Libya’s parliamentary elections rescheduled for January

Libyan lawmakers voted on Tuesday to reschedule parliamentary elections for January instead of holding them on Dec. 24 as planned, a spokesperson said, a move likely to increase tensions among Libyan rivals already divided over bills regulating planned elections.

Abdullah Bliheg, a spokesperson for the legislature, said lawmakers decided to hold parliamentary elections a month after the presidential vote scheduled for late December.

A U.N.-brokered road map had set both parliamentary and presidential elections for Dec. 24. The elections have been seen by many as a step forward to end the country’s divisions. There has been pressure from international governments, including the U.S., on Libyan stakeholders to hold elections as scheduled.

Elections are supposed to help unify the country after years of conflict and division, but disputes over their legal and constitutional basis have laid bare the extent of the split between the country’s east and west.

Lawmakers on Monday adopted a bill regulating the parliamentary elections – a few weeks after they voted on a bill for the presidential vote.

Holding the elections as scheduled already faced challenges amid opposition from the country’s High Council of State, which has argued that the laws were adopted without consultations.

Bliheg said holding the presidential poll was the priority, leading to the move to delay the legislative ballot.

“In recent years the country has not been able to stabilize itself through the parliamentary system,” he said.

“It was necessary to organize the presidential elections as soon as possible.”


Libya has endured a decade of conflict since the 2011 fall of dictator Moammar Gadhafi in a NATO-backed uprising, which unleashed a complex civil war that dragged in multiple foreign powers.

A landmark cease-fire between eastern and western camps last year, following a yearlong unsuccessful campaign by putschist Gen. Khalifa Haftar to seize Tripoli, paved the way for a United Nations-backed peace process and sparked hope for stability.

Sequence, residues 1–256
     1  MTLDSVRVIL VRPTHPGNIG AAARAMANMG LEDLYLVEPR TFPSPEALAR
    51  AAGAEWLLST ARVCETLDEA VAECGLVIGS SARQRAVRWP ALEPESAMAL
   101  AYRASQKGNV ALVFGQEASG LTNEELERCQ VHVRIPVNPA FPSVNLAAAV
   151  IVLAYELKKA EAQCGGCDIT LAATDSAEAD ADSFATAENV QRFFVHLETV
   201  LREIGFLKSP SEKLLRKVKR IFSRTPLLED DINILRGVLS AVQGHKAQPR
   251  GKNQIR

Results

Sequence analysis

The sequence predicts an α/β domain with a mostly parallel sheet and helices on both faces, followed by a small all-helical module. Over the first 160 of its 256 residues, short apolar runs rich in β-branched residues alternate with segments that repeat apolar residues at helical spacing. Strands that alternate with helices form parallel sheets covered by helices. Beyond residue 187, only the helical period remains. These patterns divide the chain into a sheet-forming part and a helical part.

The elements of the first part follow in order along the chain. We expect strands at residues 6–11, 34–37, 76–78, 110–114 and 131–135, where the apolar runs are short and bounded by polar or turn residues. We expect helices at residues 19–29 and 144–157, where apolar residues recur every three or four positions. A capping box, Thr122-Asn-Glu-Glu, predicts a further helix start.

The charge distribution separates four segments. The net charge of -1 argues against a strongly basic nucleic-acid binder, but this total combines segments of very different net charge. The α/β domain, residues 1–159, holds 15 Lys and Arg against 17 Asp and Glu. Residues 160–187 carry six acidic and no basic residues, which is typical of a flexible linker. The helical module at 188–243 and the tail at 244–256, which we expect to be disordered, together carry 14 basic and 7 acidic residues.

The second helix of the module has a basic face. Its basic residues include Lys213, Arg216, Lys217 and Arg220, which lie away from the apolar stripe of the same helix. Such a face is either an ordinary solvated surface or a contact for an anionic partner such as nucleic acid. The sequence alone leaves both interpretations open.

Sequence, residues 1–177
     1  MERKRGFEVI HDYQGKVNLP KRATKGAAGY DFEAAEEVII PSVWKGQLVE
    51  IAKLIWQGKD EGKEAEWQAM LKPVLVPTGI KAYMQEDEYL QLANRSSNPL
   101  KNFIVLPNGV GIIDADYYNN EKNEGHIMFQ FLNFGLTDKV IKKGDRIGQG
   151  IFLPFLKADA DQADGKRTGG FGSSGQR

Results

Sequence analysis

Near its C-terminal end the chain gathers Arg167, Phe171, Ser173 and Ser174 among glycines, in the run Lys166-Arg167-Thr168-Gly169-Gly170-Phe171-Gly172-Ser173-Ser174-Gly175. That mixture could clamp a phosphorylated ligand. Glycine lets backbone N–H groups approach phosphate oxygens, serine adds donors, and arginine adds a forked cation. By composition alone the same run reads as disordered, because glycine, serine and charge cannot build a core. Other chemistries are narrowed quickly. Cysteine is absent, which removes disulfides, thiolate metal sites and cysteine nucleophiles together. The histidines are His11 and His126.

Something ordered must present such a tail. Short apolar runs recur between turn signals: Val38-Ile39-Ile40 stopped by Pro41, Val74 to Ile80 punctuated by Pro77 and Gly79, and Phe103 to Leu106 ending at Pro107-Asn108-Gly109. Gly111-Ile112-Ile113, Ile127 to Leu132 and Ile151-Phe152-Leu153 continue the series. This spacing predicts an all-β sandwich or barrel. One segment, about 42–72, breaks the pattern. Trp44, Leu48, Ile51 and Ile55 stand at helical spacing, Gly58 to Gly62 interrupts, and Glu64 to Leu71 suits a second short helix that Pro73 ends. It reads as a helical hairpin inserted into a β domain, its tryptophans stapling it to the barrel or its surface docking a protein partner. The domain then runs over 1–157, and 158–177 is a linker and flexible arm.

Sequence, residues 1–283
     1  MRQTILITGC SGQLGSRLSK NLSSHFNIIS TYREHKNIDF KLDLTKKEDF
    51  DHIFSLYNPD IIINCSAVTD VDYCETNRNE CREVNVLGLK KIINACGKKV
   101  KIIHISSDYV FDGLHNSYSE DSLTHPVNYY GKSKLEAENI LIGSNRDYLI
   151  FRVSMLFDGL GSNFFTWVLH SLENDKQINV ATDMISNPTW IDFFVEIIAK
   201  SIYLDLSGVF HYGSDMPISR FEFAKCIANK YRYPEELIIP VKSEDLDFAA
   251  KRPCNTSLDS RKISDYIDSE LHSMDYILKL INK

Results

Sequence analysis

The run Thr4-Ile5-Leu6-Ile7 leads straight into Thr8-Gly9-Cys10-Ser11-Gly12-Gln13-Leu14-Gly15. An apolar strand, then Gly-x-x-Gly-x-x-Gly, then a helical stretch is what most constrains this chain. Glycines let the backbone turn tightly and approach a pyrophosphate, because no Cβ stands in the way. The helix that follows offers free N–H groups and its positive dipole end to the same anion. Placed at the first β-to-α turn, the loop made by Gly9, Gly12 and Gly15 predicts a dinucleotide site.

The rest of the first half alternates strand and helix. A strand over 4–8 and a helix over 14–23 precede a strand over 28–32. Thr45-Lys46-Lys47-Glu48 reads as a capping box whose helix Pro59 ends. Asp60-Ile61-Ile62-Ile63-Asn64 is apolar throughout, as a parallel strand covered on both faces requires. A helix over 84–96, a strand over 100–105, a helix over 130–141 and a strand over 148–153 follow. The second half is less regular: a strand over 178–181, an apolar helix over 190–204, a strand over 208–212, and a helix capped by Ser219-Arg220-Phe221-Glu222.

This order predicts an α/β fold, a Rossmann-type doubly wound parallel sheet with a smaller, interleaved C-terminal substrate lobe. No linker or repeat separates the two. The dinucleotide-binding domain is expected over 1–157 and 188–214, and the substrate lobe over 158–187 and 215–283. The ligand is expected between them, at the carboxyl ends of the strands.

The Tripoli-based unity government of interim Prime Minister Abdul Hamid Mohammed Dbeibah took office in March with a mandate to lead the country to the December ballots.

But negotiations over electoral laws have placed growing doubts over the process.

On Tuesday, the western-based chamber said it had rejected a law that eastern-based lawmakers adopted a day earlier on the legislative elections that had been scheduled for December.

The Tripoli-based chamber “rejects ongoing violations by the parliament … the latest being the promulgation of what it called the ‘electoral law of the parliament,'” said Mohammed Nasser, spokesperson for the High Council of State.

On Twitter he wrote that a deal signed in 2015 requires parliament “to come to an agreement with the High Council of State on this law.”

Legislators would be held responsible for “any delay or disruption to the date of the elections due to unilateral actions,” he added.

The council was yet to respond to the announcement of the legislative vote postponement.

The House of Representatives said on its website on Monday that “by passing the laws necessary for the upcoming elections,” it had “ended one of the most dangerous phases in Libya’s modern history.”

The law came less than a month after Aguila Saleh, speaker of that body, signed off on legislation for the December presidential election.

Opponents said the move bypassed due process and favored a run by his ally, Haftar.

The High Council of State has also rejected the text covering the presidential poll.

In September, the parliament passed a no-confidence vote in Dbeibah’s unity government, which the High Council of State also rejected.

Dozens of countries, including Germany and the United States, have urged Libya to ensure the December polls go ahead on time.

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